Galerie Barrou Planquart
It is in October 2010 that Virginie Barrou Planquart created in Paris the gallery that bears her name. Dedicated to contemporary creation, the gallery promotes and supports emerging or recognized artists with a strong and unique identity. They create universalist works with visual emotion and memory affect. In favor of an atypical and demanding programming, the gallery brings together French and foreign artists who, each in their own language, approach the viewer with freshness and immediacy.
Virginie Barrou Planquart participates in many international fairs, regularly presenting her artists in Paris, New York, Miami, London, Brussels, Basel or Hong Kong. Willing to support public's eye and initiate dialogues between artists, the gallery keeps deepening its reflections to better understand the growing influence of pop culture on the development of contemporary art, its scope, his exegesis and his various modes of transposition. Between tradition and modernity, the gallery is exposed through different spaces, whether physical or digital, currently available to us,
François Bel Selfie
Stéphane Gautier Lucky Bear
About the Artist
Equally relaxed painting as he is sculpting and setting up installations, François Bel expresses himself using inlays in glass, aerial suspensions and modelled wire in his complex pieces, which claim to be just as eclectic as his inspiration. But whether he is working with numerous mediums or just one, his approach is always the same: using the distraction of familiar objects to question modern society, its individualism and habits of consumption. Using an offshoot system, inherited from Street Art, Pop Art and New Realism, the artist rethinks the reality of materiality. By locking day-to-day objects behind bars, hanging them in the air, or trapping them in blocks of synthesized glass, the artist exposes a stationary state which is both sublime and critical. Frozen in a rupture, explosion or levitation, they solidify with grace in a sort of aestheticized recycling and gain a completely new meaning. The juxtaposition of the criticism of consumerism and the poetry of recycled materiality, within his leaping, magical objects and little, incrusted ‘big bangs’, allows them to represent our dreams and repressed indignation. By mixing anger, frustration, fascination and sacredness, the artist is finally able to uniquely convert the worries of our society into physical representations. These artworks defy the laws of gravity and the logic of time to confront our own fragility with their changelessness. In an increasingly fast-paced society, where all is destined for obsolescence, Francois Bel puts forward the idea of reaching into this “other” space of unresolved objects and “moments” to try and stop time, the time that passes, consumes us and undeniably survives us!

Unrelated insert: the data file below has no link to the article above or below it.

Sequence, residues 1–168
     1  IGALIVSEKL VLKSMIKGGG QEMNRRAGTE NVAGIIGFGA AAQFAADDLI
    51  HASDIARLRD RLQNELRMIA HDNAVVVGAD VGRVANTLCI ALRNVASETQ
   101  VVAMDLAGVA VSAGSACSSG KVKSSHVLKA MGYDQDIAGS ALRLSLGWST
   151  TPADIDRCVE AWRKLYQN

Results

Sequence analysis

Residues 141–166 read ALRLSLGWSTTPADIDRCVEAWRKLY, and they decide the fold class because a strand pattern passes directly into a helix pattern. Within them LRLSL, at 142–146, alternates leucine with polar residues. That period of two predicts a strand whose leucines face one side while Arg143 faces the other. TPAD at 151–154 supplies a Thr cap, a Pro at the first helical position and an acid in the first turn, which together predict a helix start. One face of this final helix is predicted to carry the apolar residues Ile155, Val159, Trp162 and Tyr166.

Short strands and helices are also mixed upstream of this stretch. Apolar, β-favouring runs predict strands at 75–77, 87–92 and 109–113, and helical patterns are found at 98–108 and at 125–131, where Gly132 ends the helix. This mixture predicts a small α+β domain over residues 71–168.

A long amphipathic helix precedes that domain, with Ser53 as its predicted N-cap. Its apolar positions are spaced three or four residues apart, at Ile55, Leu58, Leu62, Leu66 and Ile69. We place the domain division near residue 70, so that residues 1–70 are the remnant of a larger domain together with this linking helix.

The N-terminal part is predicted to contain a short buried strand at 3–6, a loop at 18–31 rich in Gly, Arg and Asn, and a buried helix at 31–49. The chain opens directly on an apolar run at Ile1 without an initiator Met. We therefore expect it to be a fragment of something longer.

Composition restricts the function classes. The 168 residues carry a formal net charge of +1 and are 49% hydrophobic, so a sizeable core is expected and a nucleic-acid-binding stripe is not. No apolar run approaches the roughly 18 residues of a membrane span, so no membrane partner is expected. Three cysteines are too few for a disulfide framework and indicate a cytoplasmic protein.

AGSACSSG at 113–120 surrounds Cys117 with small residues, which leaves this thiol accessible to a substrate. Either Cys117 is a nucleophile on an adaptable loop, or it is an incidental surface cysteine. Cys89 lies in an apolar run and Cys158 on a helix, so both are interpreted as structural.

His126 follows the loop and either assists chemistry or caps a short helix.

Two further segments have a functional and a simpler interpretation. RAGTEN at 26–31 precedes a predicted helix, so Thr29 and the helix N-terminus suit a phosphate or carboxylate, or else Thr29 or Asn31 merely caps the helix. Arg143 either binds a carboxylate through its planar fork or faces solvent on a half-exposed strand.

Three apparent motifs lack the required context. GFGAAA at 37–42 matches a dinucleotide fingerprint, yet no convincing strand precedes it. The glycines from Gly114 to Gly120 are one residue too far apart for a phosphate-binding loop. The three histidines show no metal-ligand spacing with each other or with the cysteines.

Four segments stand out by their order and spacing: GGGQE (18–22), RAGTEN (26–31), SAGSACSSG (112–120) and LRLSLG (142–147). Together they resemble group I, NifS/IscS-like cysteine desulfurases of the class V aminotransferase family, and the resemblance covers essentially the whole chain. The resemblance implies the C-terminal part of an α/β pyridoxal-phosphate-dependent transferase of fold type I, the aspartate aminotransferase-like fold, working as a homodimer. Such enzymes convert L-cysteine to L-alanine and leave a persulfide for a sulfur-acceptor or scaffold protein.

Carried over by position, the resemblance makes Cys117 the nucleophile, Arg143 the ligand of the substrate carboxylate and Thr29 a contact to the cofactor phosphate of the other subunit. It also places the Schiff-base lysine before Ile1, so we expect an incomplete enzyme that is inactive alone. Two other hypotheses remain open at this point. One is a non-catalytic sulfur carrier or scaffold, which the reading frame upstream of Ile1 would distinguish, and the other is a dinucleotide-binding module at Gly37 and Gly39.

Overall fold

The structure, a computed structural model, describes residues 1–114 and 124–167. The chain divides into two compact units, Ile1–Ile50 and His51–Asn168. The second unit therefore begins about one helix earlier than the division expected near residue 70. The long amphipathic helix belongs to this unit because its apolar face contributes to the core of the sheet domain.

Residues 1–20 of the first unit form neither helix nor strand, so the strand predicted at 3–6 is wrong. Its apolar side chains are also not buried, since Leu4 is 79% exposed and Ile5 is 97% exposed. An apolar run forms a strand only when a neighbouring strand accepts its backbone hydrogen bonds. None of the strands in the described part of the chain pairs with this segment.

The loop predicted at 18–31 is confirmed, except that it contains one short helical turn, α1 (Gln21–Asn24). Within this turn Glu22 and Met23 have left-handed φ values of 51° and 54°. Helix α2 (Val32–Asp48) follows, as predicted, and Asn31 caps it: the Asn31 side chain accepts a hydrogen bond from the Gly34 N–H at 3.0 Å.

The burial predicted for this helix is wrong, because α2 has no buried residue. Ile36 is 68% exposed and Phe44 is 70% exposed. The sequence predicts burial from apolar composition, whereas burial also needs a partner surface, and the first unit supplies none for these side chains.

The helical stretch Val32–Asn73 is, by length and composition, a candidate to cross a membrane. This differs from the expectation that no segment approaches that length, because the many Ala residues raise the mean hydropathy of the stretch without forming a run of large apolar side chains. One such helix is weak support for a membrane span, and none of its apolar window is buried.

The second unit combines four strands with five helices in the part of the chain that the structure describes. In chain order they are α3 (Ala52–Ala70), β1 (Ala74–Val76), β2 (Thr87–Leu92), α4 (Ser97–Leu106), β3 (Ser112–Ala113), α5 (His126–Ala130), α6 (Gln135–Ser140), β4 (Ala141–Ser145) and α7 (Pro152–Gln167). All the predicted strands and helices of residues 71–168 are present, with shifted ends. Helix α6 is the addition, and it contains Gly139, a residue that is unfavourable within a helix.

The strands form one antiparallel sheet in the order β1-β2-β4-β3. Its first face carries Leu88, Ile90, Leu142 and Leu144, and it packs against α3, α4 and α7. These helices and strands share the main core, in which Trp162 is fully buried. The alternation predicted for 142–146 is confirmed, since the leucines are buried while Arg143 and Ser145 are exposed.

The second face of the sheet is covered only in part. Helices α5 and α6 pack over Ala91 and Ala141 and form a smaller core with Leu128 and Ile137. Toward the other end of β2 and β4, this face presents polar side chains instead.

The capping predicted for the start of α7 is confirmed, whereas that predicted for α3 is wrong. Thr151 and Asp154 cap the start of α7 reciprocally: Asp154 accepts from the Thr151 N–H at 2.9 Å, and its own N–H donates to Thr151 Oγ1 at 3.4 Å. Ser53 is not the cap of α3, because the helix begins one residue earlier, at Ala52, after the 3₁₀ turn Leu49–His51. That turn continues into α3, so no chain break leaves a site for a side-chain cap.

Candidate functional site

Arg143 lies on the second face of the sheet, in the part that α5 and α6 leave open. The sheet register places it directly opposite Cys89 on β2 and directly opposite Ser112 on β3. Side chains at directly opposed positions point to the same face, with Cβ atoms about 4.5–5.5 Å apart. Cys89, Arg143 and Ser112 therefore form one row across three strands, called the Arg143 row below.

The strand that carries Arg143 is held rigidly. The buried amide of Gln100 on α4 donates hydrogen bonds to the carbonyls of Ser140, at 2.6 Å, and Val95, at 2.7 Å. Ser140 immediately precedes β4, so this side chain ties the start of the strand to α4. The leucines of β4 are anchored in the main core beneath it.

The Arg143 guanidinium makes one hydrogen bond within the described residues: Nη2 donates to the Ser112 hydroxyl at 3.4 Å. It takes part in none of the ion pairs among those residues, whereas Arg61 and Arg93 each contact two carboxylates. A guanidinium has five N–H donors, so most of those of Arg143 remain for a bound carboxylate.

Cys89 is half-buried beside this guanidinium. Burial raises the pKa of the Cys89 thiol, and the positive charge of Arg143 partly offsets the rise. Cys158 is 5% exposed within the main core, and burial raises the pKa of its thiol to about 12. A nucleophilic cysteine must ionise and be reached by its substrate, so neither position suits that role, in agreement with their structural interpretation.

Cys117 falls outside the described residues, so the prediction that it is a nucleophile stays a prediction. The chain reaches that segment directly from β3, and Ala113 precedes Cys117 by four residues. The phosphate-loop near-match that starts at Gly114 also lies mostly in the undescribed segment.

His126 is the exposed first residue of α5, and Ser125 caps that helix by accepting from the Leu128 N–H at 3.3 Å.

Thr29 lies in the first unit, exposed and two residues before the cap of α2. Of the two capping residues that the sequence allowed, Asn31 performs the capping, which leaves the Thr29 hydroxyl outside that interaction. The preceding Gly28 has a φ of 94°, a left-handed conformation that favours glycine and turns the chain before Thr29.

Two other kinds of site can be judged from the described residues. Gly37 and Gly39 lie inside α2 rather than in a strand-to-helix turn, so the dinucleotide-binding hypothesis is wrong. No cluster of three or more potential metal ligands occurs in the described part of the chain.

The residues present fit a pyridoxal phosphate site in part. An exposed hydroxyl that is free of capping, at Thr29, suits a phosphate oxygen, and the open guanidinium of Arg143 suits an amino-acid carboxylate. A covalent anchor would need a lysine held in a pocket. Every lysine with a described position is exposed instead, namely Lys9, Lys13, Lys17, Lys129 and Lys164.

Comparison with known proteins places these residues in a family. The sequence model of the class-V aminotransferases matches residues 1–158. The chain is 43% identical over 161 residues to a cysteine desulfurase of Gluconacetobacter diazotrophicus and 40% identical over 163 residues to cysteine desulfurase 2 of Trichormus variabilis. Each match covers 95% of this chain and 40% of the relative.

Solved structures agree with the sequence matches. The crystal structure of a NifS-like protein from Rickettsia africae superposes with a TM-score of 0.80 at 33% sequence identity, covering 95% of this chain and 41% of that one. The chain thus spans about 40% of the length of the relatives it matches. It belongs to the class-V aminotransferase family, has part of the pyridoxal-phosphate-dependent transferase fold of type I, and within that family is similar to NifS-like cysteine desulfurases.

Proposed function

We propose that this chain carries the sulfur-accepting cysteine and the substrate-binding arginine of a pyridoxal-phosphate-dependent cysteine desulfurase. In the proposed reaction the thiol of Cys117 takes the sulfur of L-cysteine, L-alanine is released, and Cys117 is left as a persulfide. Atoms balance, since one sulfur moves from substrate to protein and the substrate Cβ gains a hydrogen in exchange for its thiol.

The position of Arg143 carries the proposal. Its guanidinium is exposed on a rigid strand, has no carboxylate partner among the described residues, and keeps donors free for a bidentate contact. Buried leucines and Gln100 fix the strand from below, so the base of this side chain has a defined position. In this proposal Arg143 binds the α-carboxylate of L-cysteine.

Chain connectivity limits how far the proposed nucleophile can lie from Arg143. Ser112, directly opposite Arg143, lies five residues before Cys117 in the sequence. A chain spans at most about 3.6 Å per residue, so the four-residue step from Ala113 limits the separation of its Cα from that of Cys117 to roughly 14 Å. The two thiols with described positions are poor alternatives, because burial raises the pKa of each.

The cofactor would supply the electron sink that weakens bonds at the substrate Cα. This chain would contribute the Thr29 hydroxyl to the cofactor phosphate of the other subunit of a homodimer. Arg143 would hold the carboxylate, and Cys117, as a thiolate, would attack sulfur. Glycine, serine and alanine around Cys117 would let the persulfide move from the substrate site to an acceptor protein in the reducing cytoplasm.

A designer and graphic artist, both by training and trade, Stéphane Gautier designs interiors that have a strong personality; original concepts that are born of his ideas and intuitions; he is like an orchestral conductor, coordinating the various trades until completion. From this practice, which has earned him recognition in the design world, he draws on a unique talent for deciphering symbols and images in his art, and for transforming them into a universal alphabet that everyone can perceive, in a direct and immediate link to the work.
Stéphane created his first picture at the age of 13, deciding to stick and paint his toys on a canvas. This first provocative gesture and artistic genesis, which, rediscovered years later, arouses emotion and recognition in all those who see the emotional objects that marked their past.
After this founding impulse, Stéphane would never abandon his interest in childhood, the moment in which he believes one’s primary needs are expressed universally.
There is no point in searching further for the reason behind the attachment that everyone brings to these works: they touch instinctively.
And yet, if Stéphane’s rooms arouse immediate empathy by their symbolic nature and the way in which they appeal to memory, this attraction also brings with it a more ambitious programme.
Make no mistake, if this visual artist charms us, it is to make us think more profoundly and feel the power of the image: a misappropriation of contexts such as “Happy Bears” forming flags, a manipulation of childhood through medicines in the shape of sweets, a troubling gap between form and substance when a group of small plastic soldiers comes together in a heart shape on the canvas.…
His creations are undoubtedly jubilant and display his expertise as much as his enthusiasm, moving from one medium to another, using all the possibilities of ready-made art to turn them into pictures, sculptures, surrealist or valuable objects… Everything, or almost everything, is shown here.
Understanding only comes as a second phase, however: the art of Stéphane Gautier is permanently shifting. By moving an object from one context to another, re-injecting the stereotypical symbols of childhood into an adult setting, he turns away from all traditional codes of art (pictures, paintings, sculptures, drawings) only to reappropriate them. And it is by way of this ironic distance that this intuitive creator invites us to a deeper consideration of the means of representation, of the effectiveness of advertising and propaganda, and finally of the sacralisation and misappropriation of childhood nostalgia.